- The Washington Times - Monday, June 26, 2006

The United States Congress is spineless.

Its spinelessness is most troublesome in matters of national security where its informing function is most urgent. Since Congress shows no signs of acquiring a vertebrate, it should facilitate the media in playing surrogate by fashioning a newsmen’s exception to the Federal Espionage Act.

At present, the act punishes the publication of leaked national defense information with “reason to believe [the information] could be used to the injury of the United States or to the advantage of any foreign nation.” The prohibition threatens to impair the media’s commendable sunshine on the Executive Branch’s national security operations where Congress has sported a “don’t ask, don’t tell” attitude. Congress lacks the political will to brandish either the power of the purse or the contempt power to compel President George W. Bush to disclose sufficient information about his intelligence collection, detention, rendition and interrogation practices to enable the Constitution’s checks and balances to function. Indeed, Congress knew more about the Manhattan Project to build atomic bombs in World War II than it knows about the ongoing National Security Agency spying on American citizens.

Neither the House nor the Senate has conducted probing hearings concerning the wars in Afghanistan or Iraq or the conflict against international terrorism. Both have permitted the Bush administration to invoke privilege to conceal patently innocuous information, for instance, whether the NSA has ever sought a warrant for a pen register pursuant to the Foreign Intelligence Surveillance Act (FISA). The media has been an irregular surrogate for Congress, which is better than no oversight whatsoever. Newspaper stories have revealed the maltreatment of detainees held abroad; the NSA’s warrantless surveillance program targeting American citizens on American soil; its massive collection of phone records; the CIA’s renditions and secret prisons in Eastern Europe; and, the Treasury Department’s employment of administrative subpoenas to gather records of international financial transfers.

In most cases, President Bush protested the disclosures under a national security banner. A grand jury has been summoned to consider indicting the New York Times under the Federal Espionage Act for revealing the NSA’s warrantless spying in contradiction to FISA. Attorney General Alberto Gonzales apparently reasoned that alerting al Qaeda to the NSA’s electronic surveillance program could have injured the United States because Osama bin Laden might previously have been convinced that President Bush was playing by Queensbury rules. Although the president insisted that the New York Times had crippled the effectiveness of the program, he has continued the NSA’s warrantless spying on American citizens undiminished.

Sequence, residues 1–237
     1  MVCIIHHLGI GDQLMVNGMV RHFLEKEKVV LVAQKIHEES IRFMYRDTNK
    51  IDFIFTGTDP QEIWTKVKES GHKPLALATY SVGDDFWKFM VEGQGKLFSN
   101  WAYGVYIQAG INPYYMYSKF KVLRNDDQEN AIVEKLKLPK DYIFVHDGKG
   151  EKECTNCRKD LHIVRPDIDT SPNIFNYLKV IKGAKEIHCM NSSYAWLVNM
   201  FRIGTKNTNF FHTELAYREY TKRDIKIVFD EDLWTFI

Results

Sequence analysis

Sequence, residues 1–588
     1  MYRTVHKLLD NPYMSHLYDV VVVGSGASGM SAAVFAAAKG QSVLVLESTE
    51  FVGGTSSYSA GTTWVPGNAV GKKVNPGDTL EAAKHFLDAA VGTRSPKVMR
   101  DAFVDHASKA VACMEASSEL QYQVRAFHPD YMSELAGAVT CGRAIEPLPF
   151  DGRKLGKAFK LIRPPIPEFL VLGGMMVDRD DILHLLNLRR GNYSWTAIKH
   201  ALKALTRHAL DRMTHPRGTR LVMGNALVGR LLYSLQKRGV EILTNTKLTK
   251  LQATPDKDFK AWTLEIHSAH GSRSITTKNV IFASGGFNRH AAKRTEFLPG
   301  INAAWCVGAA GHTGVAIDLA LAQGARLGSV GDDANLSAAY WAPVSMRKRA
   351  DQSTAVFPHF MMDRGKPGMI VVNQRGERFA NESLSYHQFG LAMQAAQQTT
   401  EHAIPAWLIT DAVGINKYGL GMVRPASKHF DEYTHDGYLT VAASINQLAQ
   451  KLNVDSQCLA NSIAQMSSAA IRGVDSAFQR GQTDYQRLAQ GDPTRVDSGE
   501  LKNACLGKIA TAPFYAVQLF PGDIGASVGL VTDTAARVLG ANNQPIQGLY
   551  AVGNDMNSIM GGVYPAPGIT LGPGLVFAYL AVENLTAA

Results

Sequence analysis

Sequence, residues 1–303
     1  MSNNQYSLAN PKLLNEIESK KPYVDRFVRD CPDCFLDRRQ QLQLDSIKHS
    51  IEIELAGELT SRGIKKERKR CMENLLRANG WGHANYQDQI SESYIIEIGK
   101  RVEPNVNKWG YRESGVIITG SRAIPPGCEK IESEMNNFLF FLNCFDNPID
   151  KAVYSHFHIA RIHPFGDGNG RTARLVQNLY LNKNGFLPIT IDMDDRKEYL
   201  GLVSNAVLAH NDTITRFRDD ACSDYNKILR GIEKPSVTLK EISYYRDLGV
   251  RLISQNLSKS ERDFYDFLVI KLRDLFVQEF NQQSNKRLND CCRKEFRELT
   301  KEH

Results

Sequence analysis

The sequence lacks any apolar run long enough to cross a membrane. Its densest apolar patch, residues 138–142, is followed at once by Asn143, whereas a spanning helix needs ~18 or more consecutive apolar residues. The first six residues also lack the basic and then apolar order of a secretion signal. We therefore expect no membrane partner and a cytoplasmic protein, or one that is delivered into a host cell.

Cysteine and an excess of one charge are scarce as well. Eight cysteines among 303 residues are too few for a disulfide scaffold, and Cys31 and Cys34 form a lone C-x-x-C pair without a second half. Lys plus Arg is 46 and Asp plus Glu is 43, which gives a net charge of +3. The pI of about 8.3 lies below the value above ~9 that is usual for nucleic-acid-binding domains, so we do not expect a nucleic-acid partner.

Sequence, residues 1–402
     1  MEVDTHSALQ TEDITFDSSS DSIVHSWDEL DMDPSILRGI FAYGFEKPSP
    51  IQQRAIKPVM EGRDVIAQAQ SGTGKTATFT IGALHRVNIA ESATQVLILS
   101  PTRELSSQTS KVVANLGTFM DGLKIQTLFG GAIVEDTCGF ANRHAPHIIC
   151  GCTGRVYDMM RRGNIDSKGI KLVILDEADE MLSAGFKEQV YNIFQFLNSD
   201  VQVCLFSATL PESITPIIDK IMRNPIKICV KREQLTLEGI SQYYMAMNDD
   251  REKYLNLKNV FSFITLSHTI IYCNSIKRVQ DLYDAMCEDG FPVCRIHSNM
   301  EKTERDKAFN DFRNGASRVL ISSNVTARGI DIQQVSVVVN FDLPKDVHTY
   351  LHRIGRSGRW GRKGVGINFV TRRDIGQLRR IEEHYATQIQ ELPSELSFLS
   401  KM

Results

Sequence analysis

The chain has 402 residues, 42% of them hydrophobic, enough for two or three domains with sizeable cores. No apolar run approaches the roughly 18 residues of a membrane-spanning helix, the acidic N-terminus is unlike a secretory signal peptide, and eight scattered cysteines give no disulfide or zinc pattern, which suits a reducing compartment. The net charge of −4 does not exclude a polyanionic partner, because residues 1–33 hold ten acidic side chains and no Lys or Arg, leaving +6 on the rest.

Congress should end the Sword of Damocles over the news media for shoring up congressional oversight sloth and neglect. The Federal Espionage Act forbids the publication of national defense information that routinely appears on newspaper front pages. The information need not be classified. Neither need it be proven that the information was in fact used to injure the United States. That possibility is enough to convict. The criminal prohibition also does not require proof that the publisher intended national security harm.

The Executive Branch has historically desisted from prosecuting the media as opposed to the individual who leaked in violation of the Espionage Act. In United States v. Morison, for instance, a military intelligence employee, Samuel Loring Morison, who made an unauthorized transmittal of satellite-secured photographs to Jane’s Fighting Ships was prosecuted, but the publisher was not. Attorney General Gonzales, however, has signaled an end to such prosecutorial lenity. Last week’s headline stories about President Bush’s invocation of the International Economic Emergencies Act to trace international financial flows without warrants may eventuate in grand jury investigations or indictments of major newspapers. Vice President Richard Cheney has already alleged that publication of the information assisted al Qaeda, which would make the publications indictable offenses by injuring the United States.

In an ideal world, the president would not indiscriminately invoke national security to frustrate political and legal accountability. Congress would exercise muscular oversight. And government transparency indispensable to enlightened self-government would not depend on unelected members of the media publishing classified or national defense information.

But the ideal is sheer fantasy. Government of the people, by the people, for the people would soon wither if the press were deterred from publishing information that the president claimed might weaken national security. Perpetually secret government and democracy are incompatible. To foreclose that danger, Congress should amend the Espionage Act to exclude media disclosures, but not authorize media treason or treachery. The law should still forbid publications intended and likely to cause direct, immediate, grave and irreparable injury to the national security of the United States, for example, revealing the location of an NSA wiretap on an undersea cable.

Bruce Fein is a constitutional lawyer and international consultant with Bruce Fein & Associates and The Lichfield Group.

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